Rong Bao, '21

September 2, 2020
Science leadership scholar researches reforestation in Asia, air pollution in Richmond

Humanity’s differences and divisions often dominate the headlines. Rong Bao, ’21, however, chooses to focus on humanity’s common connection—specifically its connection to the environment.

The senior from Beijing, China, said she had an epiphany when she read Bill Nye’s “Unstoppable: Harnessing Science to Change the World” as a first-semester student in Dr. Haley Harwell’s Leadership and the Social Sciences class: “I realized human society is facing a big challenge with Mother Nature. I wanted to build on the scientific consensus about climate change across cultures.”

To do that, she became a science leadership scholar with majors in leadership studies and geography and the environment.

“My leadership studies major gives me the soft skills to interact with people, navigating between them and science,” Bao said. “In Dr. Hidalgo’s Critical Thinking class, I learned how to make a persuasive argument, how to translate my scientific findings in a way that I can communicate to people.

“My physical geography studies at University of Richmond and in my study-abroad program at the London School of Economics and Political Science set my basic understanding of the environment, including forest ecology. And my GIS experience at Richmond’s Digital Scholarship Lab taught me how to conduct spatial analysis.”

This summer, she used her leadership, scientific, and technical knowledge in her Jepson internship in Beijing with the international nonprofit Asia-Pacific Network for Sustainable Forest Management and Rehabilitation (APFNet). The Jepson School of Leadership Studies awarded her a Burrus Fellowship to support her internship.

“One of my main internship duties was to draft an executive summary about reforestation," Bao said. "The summary serves as a bridge between scientific knowledge and policy making.”

To produce the summary, she collected reports from Sri Lanka, China, Cambodia, Nepal, Fiji, Bangladesh, and Indonesia, looking for answers to two questions: What are the most significant changes in forestry management priorities and challenges during the last 30 years? How are individual countries responding to these changes?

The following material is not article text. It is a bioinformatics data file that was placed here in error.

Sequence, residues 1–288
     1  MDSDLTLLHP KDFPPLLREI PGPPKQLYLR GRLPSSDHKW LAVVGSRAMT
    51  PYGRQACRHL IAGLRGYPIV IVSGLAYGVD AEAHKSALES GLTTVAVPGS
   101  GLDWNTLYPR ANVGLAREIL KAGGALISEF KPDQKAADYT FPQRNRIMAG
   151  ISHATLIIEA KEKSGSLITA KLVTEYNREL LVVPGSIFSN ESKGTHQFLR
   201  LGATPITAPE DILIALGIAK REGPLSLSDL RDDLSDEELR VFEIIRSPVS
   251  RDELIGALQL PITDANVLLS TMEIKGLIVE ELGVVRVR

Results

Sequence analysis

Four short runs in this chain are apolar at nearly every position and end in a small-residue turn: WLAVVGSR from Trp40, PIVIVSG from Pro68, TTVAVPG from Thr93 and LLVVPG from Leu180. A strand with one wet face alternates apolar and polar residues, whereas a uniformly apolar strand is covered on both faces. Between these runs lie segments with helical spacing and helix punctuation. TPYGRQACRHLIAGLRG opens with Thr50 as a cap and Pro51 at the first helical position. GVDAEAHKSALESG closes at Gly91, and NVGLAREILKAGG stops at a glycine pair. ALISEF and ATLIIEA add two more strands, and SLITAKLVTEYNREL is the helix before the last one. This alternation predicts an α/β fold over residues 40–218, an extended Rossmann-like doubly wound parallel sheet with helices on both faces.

“I’m very happy to see all these countries implementing reforestation programs and other policies to mitigate climate change,” Bao said. “But there are challenges, because many of these are developing countries that need technological and scientific support and financial aid. Therefore, the United Nations and international commitments have played an important role in guiding the climate change responses of these states.”

In addition to her APFNet internship, she has gained hands-on environmental experience working with Richmond's Spatial Analysis Lab under the direction of Dr. Todd Lookingbill, she said. Specifically, she is part of a group researching the impact of heat and air pollution on human health in the city of Richmond. With the support of the Fredric M. Jablin Award for Undergraduate Research, she has delved deeper into this topic through her own independent research.

“A lot more ambulance calls come from areas that were previously redlined,” Bao said of her findings, referencing the effects of a decades-long government policy of disinvestment in minority neighborhoods. Her research underscores the social inequities associated with damage to the environment.  

“Sometimes it is depressing to think about how humans have exacerbated environmental degradation," she said. "But at the same time, we are making changes that have made a positive difference. I’m somewhere between being optimistic and pessimistic about climate change and want to continue to pursue a path in environmental governance and policy.”